Where inscriptions survive, they have certain stereotyped and enduring features; they identify the person, their status, when they died, and they beseech prayers for the soul of the deceased. This was an era of increasing significance being placed on the concept of purgatory. The prayers of the living could decrease the time spent in purgatory by the departed and send them on their way to Paradise more quickly. The liminal nature of purgatory itself is reflected in the enigmas of the various representations on these tombs. It very rapidly became the norm that the hands of the deceased were shown in a praying position; another reminder to the congregation. 
  It must be noted that these medieval effigy tombs no longer look like they did when they were new. They were known to have been brightly painted and gilded. The stone was often covered with gesso so that small details were sculpted into it (such as the links of chain mail) that may have disappeared when the effigy was reduced to its stone core. In general there was much more colour in churches, on the wall, painted screens, carvings. In fact there was probably more colour in a church than anywhere else in the medieval experience. How they became so pale and monochrome is a consequence of time, wear and differing aesthetics over the centuries - and, I suspect, something else to do with the concept of liminality. Back to that later.
  So we have a collection of concepts here: identified high status individuals, iconographic significata of rank or status, heraldry, purgatory and an imposition of obligation on the members of a particular community, whether ecclesiastical or lay, to assist the departed to their final state in heaven.
  Once these conventions were established, they spread through other sections of society, and society itself was not static at that time. For the next blog post, a look at the increasing diversity of medieval tomb types, and the features they retained in common. Watch this space.

Friday, November 14, 2014

Notarial Signs

  I have a bit of a change of theme here as a result of a request. Yes, I do requests. Sometimes. A correspondent was interested in images of notarial signs, so I have pulled together all of same from the miscellaneous collection of medieval detritus that I have accumulated and put them up as a Flickr album. Potter through and enjoy.
  The signs themselves represent different ways of doing medieval legal business. In those places where ratification of legal process developed from sworn oral testimony - primitive unlettered places like Britain or the Germanic speaking areas - the insignia of authenticity rested in the use of the seal. People did not sign documents. Kings did not sign documents, King John did not sign Magna Carta, OK? Even when they became a bit more literate, the seal was established as the authenticating instrument and documents referred to witnesses, not necessarily to the document, but to having seen and heard that an oral agreement had been made.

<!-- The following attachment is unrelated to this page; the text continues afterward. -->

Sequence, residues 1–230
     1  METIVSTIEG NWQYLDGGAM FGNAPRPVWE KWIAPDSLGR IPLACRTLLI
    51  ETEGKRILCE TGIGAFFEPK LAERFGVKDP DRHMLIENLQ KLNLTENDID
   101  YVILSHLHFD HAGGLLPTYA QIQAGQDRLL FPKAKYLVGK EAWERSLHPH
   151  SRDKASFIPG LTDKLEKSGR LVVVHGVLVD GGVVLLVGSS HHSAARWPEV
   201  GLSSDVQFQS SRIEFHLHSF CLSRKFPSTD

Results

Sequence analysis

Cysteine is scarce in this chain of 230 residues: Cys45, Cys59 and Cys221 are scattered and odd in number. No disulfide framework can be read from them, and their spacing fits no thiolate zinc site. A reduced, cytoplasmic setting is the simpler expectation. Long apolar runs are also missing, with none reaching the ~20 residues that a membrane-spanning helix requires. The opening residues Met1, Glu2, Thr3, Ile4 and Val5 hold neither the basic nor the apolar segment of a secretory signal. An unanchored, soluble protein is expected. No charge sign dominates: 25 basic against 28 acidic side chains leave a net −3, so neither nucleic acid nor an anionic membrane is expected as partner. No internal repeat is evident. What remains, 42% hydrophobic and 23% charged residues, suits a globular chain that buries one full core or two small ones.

The seals started off with relatively simple designs, but many became very elaborate by the 14th and 15th centuries.

  Seals were owned by individuals, by offices, by institutions and corporations. There is still a whole field of study with much to be learned about seals.
  In parts of Europe which retained aspects of the Roman system of law, legal documents were drawn up and ratified by notaries, who authenticated them with their own unique pen drawn marks and endorsements. I am informed that such transactions as property deeds tended to be much longer and more specific in detail than the brief and spare charters and deeds of the seal using lands, where the document was basically to identify witnesses who could testify to the details.

  This notarial endorsement was at the bottom of a property deed on a roll that was twenty membranes long. I don't know what they filled it up with as I don't have the other nineteen membranes.
  As every notarial sign was supposed to be unique, they developed many complex elaborations; some more fascinating than beautiful, while other had an ingenious simplicity.

  The division was not necessarily along national lines, or at least what we now perceive as national lines. (OK, that's another story.) In the more southish eastish parts of France the notarial system was in use, while in the more northish westish areas seals were used on short snappy documents as in Britain. Sometimes a belt and braces approach was used, as in the following document from 16th century Brittany. Yes, that's westish. People got around in those days, despite rumours to the contrary.

  In Britain, notaries were only used by the church, to draw up documents with, or appealing to, papal authority, such as this one, so that notaries were a relatively rare species among the writing classes.